20 February 2018

Sweden is the third largest recipient country of quota refugees

The Swedish refugee quota has increased from 1,900 to 5,000 places since 2016. Sweden is now the third largest recipient country. This year too, the focus of the quota is on refugees from Syria. In addition, large groups are to arrive from East Africa and along the central Mediterranean route in North Africa.

Tält i flyktingläger. @UNHCR/Ivor Picket

@UNHCR/Ivor Picket

Resettlement has increased around the world over several years, and it reached an historically high level in 2016, when 126,000 persons were brought to various different countries. Just as in previous years, the USA, Canada and Australia accounted for 90% of the resettlement.

Global resettlement decreased last year, chiefly because the USA reduced the number of refugees received into the country. In parallel with this, Canada has increased its resettlement, with plans to resettle 25,000 persons in 2017 and just as many in 2018. Several European countries have also stated that they intend to increase or continue resettlement at a high level. One example is the United Kingdom, which plans to receive 23,000 Syrians up until 2020.

Swedish increase is welcomed by UNHCR

Sweden’s increase in the number of places has made Sweden one of the largest recipient countries in the world. In 2017, Sweden was in third place in terms of the number of people we accepted after their cases were referred by the UNHCR, the UN’s refugee agency. For some of these people, however, it won’t be until this year that they travel to Sweden. The UNHCR believes Sweden will also be the third largest recipient country overall in 2018. Only the USA and Canada receive more.

‘The UNHCR welcomes the fact that we are continuing to increase the Swedish refugee quota. This is especially appropriate now, when more people than ever – 1.2 million – need resettlement in another country’, says Oskar Ekblad, Head of Section at the Swedish Migration Agency.

The autumn 2015 settlement on migration policy included a decision that Sweden would gradually increase its refugee quota to 5,000 during the government’s time in office. Last year, the quota grew to 3,400 places, and this year, it is increasing by a further 1,600 places. Not since 1994, when the Bosnian war was taking place, has Sweden’s refugee quota been as high as this year’s.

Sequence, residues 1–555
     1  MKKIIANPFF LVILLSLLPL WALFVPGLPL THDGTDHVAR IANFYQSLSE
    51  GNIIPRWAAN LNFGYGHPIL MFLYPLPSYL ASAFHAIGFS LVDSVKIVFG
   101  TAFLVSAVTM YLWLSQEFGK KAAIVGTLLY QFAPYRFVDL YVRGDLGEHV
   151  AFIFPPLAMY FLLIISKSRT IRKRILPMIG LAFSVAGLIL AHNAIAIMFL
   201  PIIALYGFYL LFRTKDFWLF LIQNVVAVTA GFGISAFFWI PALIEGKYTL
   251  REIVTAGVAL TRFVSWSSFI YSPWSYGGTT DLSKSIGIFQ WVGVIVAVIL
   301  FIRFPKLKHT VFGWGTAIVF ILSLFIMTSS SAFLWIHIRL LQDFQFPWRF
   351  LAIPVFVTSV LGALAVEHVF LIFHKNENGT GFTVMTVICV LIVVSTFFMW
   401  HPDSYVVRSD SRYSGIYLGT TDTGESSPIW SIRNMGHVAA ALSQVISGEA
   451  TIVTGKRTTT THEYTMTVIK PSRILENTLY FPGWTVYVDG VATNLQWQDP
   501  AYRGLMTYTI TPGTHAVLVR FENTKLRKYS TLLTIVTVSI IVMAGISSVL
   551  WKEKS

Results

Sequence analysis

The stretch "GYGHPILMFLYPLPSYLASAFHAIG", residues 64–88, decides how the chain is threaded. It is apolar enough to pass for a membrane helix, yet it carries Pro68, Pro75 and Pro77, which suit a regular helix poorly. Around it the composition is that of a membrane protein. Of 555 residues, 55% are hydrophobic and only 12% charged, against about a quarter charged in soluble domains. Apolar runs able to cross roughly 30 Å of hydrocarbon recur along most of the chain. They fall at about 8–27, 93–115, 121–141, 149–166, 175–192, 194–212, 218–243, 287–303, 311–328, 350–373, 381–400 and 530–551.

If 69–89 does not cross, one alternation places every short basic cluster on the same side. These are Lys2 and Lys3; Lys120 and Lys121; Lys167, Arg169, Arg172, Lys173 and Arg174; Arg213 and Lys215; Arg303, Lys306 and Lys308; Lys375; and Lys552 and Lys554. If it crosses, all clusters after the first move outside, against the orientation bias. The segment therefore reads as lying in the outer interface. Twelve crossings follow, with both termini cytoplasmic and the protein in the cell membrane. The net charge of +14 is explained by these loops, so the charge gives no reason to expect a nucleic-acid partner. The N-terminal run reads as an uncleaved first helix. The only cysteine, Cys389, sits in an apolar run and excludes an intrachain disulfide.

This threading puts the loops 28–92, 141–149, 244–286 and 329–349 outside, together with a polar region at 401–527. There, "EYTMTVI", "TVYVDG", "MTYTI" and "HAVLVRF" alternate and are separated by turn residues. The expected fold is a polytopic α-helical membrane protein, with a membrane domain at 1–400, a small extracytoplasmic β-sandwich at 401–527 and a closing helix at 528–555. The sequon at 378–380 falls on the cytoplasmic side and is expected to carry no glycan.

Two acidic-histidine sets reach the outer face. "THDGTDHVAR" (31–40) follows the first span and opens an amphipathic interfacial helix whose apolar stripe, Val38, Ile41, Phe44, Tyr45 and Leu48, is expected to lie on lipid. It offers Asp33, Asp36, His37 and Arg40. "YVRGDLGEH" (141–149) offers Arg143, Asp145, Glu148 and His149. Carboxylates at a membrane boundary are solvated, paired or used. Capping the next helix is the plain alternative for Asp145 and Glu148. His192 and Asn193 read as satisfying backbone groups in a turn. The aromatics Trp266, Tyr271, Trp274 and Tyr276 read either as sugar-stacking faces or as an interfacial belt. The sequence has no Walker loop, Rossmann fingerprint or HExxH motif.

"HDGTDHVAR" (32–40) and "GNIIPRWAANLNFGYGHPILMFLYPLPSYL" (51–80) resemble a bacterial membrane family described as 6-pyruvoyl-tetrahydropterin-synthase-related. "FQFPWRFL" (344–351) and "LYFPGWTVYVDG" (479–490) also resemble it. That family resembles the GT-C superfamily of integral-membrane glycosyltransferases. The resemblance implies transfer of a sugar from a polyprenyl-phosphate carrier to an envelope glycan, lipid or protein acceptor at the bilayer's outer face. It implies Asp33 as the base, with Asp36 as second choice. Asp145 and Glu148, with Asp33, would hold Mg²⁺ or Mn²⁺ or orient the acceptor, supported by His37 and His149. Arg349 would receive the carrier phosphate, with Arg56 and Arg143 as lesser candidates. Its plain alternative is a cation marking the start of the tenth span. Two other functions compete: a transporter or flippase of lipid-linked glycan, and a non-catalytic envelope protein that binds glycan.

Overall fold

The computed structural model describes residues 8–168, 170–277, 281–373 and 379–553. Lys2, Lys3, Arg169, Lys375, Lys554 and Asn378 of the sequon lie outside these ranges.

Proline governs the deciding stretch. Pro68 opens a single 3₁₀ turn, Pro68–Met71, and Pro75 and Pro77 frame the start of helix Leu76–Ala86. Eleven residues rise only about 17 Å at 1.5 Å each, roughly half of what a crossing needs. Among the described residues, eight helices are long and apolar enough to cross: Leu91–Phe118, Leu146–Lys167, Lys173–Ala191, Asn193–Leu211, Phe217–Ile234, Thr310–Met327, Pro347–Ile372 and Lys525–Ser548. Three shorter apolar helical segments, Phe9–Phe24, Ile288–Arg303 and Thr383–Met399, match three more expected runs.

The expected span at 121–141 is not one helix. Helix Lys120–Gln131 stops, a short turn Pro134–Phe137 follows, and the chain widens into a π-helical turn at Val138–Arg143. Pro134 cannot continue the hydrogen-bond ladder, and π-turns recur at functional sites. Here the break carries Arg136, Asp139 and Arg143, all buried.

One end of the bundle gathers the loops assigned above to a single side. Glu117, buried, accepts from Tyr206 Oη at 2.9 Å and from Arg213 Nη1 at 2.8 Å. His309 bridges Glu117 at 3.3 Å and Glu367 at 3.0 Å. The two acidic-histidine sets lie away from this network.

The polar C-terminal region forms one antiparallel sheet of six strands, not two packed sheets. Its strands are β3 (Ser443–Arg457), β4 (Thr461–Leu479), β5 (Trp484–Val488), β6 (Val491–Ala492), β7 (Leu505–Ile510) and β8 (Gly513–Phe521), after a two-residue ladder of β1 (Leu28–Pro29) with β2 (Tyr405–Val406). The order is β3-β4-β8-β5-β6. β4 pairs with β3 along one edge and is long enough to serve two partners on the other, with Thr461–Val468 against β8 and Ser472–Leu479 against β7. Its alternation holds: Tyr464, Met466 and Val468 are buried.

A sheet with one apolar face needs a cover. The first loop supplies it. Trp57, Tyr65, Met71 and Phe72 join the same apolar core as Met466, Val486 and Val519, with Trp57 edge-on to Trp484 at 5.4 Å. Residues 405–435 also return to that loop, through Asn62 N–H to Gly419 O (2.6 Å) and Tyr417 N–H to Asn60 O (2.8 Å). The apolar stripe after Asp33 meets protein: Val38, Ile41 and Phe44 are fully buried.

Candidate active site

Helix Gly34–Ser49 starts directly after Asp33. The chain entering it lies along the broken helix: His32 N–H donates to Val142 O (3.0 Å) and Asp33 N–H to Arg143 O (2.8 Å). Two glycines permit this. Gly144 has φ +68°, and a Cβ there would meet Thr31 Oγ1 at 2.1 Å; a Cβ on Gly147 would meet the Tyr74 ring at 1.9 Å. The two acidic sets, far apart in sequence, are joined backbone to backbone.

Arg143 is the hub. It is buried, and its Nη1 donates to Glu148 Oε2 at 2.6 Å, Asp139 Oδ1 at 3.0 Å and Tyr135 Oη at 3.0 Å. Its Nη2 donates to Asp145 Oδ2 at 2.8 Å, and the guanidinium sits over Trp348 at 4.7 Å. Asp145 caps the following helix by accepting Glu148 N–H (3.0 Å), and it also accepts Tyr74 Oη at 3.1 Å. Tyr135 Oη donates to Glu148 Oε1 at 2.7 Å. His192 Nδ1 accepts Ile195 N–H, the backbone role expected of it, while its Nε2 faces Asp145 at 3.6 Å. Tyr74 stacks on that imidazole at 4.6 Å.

The Swedish refugee quota allows the most exposed and vulnerable refugees living outside their countries of origin to come to Sweden, and for this to be arranged in a structured way. The UNHCR refers refugees who need to be given protection in a third country to the Swedish Migration Agency. The Swedish Migration Agency then carries out an assessment and decides which refugees will be able to come to Sweden. Read more about the Swedish refugee quota on the Swedish Migration Agency’s website.

How the 5,000 places are distributed

The distribution of this year’s 5,000 places follows a proposal from the UNHCR which has also taken root in the Ministry of Justice. The majority are to be used to receive refugees from the Middle East and North Africa fleeing from the war in Syria. A great deal of refugees will also be taken in from eastern Africa, the Horn of Africa and Asia (see the table). Moreover, as proposed by UNHCR, 900 places are reserved for emergency and priority cases. Resettlement is now also becoming an increasingly important measure to prevent people from risking their lives in an attempt to cross the Mediterranean in order to reach Europe. Therefore, Sweden will also take in a number of refugees from North Africa along the central Mediterranean route.

Preparations were started last summer to enable the Swedish Migration Agency to select and transport 5,000 persons over course of the year. 1,500 persons were selected in the autumn as part of the 5,000 mentioned above. They will be travelling to Sweden at the beginning of the year.

Quota refugees coming to Sweden

Areas of selection 2018